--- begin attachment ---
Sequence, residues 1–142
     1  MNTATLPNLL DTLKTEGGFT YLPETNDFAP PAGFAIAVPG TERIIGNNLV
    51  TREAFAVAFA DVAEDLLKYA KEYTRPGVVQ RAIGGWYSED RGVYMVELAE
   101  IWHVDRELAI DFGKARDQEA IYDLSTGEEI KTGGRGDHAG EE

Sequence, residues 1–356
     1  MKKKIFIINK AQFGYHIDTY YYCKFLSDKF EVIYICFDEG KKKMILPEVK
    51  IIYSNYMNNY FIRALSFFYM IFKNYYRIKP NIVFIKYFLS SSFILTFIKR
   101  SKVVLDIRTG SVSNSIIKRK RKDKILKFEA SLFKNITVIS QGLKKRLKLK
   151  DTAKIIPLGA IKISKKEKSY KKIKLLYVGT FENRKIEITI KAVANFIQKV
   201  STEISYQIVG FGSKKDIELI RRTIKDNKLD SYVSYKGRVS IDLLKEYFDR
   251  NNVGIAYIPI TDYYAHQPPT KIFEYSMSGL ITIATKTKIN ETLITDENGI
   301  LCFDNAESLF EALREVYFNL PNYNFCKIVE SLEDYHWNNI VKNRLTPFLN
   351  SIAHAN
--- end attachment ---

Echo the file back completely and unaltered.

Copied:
Sequence, residues 1–142
     1  MNTATLPNLL DTLKTEGGFT YLPETNDFAP PAGFAIAVPG TERIIGNNLV
    51  TREAFAVAFA DVAEDLLKYA KEYTRPGVVQ RAIGGWYSED RGVYMVELAE
   101  IWHVDRELAI DFGKARDQEA IYDLSTGEEI KTGGRGDHAG EE

Sequence, residues 1–356
     1  MKKKIFIINK AQFGYHIDTY YYCKFLSDKF EVIYICFDEG KKKMILPEVK
    51  IIYSNYMNNY FIRALSFFYM IFKNYYRIKP NIVFIKYFLS SSFILTFIKR
   101  SKVVLDIRTG SVSNSIIKRK RKDKILKFEA SLFKNITVIS QGLKKRLKLK
   151  DTAKIIPLGA IKISKKEKSY KKIKLLYVGT FENRKIEITI KAVANFIQKV
   201  STEISYQIVG FGSKKDIELI RRTIKDNKLD SYVSYKGRVS IDLLKEYFDR
   251  NNVGIAYIPI TDYYAHQPPT KIFEYSMSGL ITIATKTKIN ETLITDENGI
   301  LCFDNAESLF EALREVYFNL PNYNFCKIVE SLEDYHWNNI VKNRLTPFLN
   351  SIAHAN